Monday, 4 January 2016

Filtered out!

At about 7pm yesterday, one of my servers in Cheltenham stopped responding to the once-per-minute check. And I was unable to log on to that server from here. But if I logged in to another server in Cheltenham, I could log on to that server.

Which means that it's some sort of routing problem. But what caused it, and how to deal with it?

First, I rebooted the server, because that's easy to do, and often fixes problems. That didn't help. Then I tried to set up the route table, but that didn't help either. Eventually, I had the idea of doing a traceroute to that server, which bombed out before it reached my firewall, which meant that the problem was outside my control. But I had a customer-facing server not working!

I reported the problem to the hosting company, so they could start to work on it. Meanwhile, I used the NAT (network address translation) capability of the firewall, to move the external IP address to something else. That also meant that I had to edit the DNS files and re-propagate them, so that external computers would be able to find the server on the new address.

And that all worked.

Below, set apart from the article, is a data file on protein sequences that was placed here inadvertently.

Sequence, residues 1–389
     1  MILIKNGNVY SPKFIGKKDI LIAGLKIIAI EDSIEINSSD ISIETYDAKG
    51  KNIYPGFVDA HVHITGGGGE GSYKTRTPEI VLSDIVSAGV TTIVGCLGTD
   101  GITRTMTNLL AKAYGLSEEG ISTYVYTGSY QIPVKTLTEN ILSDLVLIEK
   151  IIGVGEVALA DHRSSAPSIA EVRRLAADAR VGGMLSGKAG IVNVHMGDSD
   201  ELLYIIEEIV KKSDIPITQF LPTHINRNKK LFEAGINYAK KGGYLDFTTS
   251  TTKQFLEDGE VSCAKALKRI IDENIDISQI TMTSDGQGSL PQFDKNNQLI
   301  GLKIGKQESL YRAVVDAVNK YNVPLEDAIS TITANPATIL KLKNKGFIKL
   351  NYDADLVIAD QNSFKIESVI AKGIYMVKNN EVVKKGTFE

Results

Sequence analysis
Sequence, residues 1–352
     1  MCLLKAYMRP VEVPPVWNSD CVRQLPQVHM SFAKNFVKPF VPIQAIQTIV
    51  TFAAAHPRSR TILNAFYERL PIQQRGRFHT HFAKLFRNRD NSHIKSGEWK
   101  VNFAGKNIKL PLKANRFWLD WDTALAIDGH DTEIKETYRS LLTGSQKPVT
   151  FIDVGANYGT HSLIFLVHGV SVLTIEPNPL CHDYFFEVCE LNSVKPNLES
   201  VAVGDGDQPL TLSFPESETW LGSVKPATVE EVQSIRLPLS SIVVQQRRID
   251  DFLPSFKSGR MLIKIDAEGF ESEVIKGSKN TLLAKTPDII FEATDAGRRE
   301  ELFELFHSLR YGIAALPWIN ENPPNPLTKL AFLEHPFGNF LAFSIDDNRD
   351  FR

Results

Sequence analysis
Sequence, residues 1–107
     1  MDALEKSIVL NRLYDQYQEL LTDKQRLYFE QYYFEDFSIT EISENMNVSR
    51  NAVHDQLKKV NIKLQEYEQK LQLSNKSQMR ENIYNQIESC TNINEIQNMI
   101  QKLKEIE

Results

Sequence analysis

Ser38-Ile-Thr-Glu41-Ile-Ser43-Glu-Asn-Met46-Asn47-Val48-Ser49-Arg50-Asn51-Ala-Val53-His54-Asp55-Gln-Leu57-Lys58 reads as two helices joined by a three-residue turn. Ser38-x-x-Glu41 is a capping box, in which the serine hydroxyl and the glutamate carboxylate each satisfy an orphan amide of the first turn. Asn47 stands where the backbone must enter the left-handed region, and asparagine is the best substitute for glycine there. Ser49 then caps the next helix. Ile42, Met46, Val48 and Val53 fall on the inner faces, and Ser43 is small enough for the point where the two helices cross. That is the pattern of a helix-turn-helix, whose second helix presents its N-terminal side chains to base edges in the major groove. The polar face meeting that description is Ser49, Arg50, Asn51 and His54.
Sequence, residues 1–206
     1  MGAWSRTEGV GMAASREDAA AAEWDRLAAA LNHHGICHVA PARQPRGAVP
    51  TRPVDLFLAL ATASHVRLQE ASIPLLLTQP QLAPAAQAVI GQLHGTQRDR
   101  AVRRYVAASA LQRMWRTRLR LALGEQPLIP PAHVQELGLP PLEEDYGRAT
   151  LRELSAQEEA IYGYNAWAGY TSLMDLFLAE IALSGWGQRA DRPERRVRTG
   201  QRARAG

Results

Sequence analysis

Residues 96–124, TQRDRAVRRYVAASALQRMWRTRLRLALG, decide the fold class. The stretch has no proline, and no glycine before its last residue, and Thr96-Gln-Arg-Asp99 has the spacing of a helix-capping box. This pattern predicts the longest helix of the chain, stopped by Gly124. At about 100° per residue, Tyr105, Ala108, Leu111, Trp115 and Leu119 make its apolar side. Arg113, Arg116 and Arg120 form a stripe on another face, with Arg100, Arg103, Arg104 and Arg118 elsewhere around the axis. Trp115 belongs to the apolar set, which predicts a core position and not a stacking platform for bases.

Today, I found out what the problem was. The hosting company monitors the packet volume to each IP address, and that IP address was getting a lot. I mean, a *LOT*. They interpreted that as some sort of attack, and killed the routing to the server. Actually, it wasn't an attack, it was a rather greedy customer.

I can understand why they killed the routing, but (as I told them today) they should also have notified me that they'd done so. That would have saved me some hours in working out what the problem was, and I'd guess that some people running servers wouldn't be able to work it out at all.

Everything is OK now. And they've told me that they'll disable the route-killer for my IP addresses.

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